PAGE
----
Some sort of super strong glass that for some reason failed to find a niche in the glass world for usage until our present age. It would seem it could have been used previously, but I'm guessing it's cost is greater than what it would have substituted for.
An ultra-strong glass that has been looking for a purpose since its invention in 1962 is poised to become a multibillion-dollar bonanza for Corning Inc.
The 159-year-old glass pioneer is ramping up production of what it calls Gorilla glass, expecting it to be the hot new face of touch-screen tablets and high-end TVs.
Gorilla showed early promise in the '60s, but failed to find a commercial use, so it's been biding its time in a hilltop research lab for almost a half-century. It picked up its first customer in 2008 and has quickly become a $170 million a year business as a protective layer over the screens of 40 million-plus cell phones and other mobile devices.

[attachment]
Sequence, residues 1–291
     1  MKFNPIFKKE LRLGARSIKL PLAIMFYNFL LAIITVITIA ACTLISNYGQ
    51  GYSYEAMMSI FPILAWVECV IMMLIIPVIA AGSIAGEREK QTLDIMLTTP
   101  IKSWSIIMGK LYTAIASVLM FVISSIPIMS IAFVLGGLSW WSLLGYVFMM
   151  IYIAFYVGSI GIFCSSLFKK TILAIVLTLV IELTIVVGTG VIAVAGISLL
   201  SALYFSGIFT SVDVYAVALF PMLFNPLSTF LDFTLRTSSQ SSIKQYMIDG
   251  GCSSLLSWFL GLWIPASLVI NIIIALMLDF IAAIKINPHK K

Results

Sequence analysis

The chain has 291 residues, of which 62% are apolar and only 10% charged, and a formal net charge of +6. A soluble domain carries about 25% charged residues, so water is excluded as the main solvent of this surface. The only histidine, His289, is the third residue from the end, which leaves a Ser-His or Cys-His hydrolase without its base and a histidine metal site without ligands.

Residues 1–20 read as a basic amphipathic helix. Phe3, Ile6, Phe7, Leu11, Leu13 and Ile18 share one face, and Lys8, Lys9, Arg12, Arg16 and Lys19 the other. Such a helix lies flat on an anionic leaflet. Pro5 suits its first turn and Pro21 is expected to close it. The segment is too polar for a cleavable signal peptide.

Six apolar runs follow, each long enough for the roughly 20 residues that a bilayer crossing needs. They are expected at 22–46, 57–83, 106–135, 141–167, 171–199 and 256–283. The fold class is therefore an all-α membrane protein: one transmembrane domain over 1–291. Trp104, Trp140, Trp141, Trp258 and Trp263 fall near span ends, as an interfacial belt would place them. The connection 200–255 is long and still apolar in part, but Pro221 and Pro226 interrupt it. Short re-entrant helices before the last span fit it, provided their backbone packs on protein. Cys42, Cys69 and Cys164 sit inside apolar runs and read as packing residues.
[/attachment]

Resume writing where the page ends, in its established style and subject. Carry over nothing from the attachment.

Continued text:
Now, the latest trend in TVs could catapult it to a billion-dollar business: Frameless flat-screens that could be mistaken for chic glass artwork on a living-room wall.
Because Gorilla is very hard to break, dent or scratch, Corning is betting it will be the glass of choice as TV-set manufacturers dispense with protective rims or bezels for their sets, in search of an elegant look.